Thursday, 02 October 2014
masthead+quote+image
Advanced search

Vehicles to map battle environments

Swarms of autonomous military vehicles capable of sharing and overlapping video images to create high-resolution 3D panoramic scenes may one day be deployed to survey dangerous battlefield areas.

This is the goal of a three-year Cranfield University research programme supported by BAE Systems.

Principal investigator Nabil Aouf, a researcher at Cranfield Defence and Security, said the project follows up work the university did last year with BAE Systems on developing a single autonomous vehicle capable of overlapping high-resolution video images – a process known as mosaicing – from multiple on-board cameras. 

According to Aouf, the goal now is to make a group of up to 10 of these vehicles share and overlap mosaiced video images. ‘High-resolution video mosaicing based on co-operative vehicles will not only offer clearer and wider 2D and 3D scene views, but it will also help the autonomy of these ground vehicles in terms of navigation, obstacle avoidance and their precision.’

Each vehicle will acquire images and send them wirelessly to one ‘master’ vehicle, which will collect the information and send back a mosaiced video. A full map of the operation environment could be viewed remotely from a military command station.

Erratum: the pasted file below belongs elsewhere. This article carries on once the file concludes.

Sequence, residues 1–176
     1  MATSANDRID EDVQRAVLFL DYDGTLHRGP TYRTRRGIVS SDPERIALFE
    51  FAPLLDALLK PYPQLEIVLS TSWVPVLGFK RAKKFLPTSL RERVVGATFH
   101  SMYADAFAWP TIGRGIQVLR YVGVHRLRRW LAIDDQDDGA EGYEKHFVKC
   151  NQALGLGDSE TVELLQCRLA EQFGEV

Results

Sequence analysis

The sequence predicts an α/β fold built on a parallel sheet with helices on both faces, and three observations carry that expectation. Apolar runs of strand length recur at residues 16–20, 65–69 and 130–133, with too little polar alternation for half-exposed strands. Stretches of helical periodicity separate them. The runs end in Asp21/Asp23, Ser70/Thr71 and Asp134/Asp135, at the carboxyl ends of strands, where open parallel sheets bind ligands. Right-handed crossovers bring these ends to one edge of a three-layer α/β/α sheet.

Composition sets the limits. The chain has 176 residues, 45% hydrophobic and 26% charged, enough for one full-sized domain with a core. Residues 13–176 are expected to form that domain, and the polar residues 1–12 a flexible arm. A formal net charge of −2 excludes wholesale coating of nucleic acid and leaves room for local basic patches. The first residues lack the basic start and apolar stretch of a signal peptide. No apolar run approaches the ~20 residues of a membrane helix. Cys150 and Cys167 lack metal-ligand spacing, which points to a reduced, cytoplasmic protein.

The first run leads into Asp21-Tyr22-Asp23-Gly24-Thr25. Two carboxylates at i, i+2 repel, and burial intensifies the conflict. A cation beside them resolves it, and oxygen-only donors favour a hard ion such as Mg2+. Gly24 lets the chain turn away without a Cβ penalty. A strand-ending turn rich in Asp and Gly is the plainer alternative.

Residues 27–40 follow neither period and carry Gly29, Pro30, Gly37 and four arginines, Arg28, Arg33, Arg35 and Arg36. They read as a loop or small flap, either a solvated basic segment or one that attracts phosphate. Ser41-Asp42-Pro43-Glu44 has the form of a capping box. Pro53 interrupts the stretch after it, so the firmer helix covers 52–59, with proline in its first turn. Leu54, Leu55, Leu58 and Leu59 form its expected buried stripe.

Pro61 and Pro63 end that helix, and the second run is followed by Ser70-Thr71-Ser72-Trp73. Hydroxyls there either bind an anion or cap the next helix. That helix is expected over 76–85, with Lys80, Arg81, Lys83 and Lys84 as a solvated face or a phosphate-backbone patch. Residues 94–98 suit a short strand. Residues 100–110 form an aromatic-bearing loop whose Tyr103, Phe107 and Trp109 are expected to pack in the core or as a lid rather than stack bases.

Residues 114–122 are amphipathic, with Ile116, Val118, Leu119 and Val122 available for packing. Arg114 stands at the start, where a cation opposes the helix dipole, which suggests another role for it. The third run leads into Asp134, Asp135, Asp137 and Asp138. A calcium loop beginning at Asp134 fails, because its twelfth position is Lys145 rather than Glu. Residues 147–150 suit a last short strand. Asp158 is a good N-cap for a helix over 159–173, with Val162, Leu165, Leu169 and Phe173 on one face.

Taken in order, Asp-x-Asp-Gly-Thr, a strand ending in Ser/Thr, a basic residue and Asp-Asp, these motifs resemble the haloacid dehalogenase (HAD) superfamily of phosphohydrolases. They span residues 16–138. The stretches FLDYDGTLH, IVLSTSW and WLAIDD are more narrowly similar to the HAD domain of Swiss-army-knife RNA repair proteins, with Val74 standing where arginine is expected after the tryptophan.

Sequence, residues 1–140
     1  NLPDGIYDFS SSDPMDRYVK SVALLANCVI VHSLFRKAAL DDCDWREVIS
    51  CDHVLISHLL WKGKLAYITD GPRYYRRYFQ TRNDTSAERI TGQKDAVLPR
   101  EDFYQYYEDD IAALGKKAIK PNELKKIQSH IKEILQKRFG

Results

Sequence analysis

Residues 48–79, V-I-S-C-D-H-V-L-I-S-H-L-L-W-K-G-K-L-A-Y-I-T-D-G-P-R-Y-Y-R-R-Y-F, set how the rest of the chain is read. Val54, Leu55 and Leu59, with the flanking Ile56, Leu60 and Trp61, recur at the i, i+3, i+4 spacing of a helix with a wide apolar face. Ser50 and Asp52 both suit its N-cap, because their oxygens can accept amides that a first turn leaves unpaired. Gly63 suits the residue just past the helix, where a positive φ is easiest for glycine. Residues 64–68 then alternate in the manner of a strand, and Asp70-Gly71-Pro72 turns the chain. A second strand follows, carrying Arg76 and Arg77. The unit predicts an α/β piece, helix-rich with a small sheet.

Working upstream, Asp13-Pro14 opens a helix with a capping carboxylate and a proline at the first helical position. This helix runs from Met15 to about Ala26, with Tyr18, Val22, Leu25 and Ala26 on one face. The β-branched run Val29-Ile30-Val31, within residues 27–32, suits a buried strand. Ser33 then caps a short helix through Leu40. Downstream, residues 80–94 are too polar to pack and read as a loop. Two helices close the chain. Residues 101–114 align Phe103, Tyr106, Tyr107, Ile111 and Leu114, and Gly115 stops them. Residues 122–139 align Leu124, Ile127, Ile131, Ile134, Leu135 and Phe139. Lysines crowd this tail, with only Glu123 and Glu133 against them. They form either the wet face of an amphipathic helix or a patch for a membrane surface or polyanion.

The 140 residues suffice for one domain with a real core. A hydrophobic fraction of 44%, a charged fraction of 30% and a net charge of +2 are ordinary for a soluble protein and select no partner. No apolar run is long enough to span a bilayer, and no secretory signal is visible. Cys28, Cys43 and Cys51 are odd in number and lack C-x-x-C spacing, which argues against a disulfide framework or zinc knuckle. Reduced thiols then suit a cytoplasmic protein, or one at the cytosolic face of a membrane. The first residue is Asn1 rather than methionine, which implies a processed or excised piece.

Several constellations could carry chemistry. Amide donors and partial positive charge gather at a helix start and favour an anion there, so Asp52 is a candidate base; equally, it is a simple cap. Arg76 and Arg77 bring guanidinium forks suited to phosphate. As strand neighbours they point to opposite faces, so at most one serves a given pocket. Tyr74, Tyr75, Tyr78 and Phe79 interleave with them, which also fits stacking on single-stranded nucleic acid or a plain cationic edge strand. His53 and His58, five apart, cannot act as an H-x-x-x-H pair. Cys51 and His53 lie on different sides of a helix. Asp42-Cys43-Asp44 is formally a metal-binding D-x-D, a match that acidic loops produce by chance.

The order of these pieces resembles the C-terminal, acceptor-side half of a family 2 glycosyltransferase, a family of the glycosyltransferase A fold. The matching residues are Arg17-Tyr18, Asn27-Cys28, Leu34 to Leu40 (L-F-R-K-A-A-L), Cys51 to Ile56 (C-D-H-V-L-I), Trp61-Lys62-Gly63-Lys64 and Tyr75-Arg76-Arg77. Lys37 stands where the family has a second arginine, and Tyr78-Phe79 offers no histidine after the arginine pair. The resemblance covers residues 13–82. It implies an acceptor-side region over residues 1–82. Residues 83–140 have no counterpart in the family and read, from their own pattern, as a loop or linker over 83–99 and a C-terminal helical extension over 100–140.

Aouf said that video mosaicing is an important tool for autonomous vehicles in many applications such as land surveillance, military operations and disaster monitoring. These scenarios often require that images offer 3D information, a wide field of view and different viewing directions.

This is because objects seen within acquired videos tend to move quickly through the viewing stream. Therefore a wider view of a scene can help identify objects of interest. 

Initial testing of the technology will involve a mobile robotic setup at Cranfield’s laboratories. Aouf also plans to use BAE Systems’ facilities to collect data from the company’s already available ground vehicles and validate the proposed work on more sophisticated real scenarios.

A software and hardware prototype of the technology should be ready for demonstration by the end of the project, he added.

If testing of the prototype is successful, Aouf said BAE Systems will be taking up the technology and deploying it on the battlefield sometime in the near future.


Have your say

Mandatory
Mandatory
Mandatory
Mandatory

My saved stories (Empty)

You have no saved stories

Save this article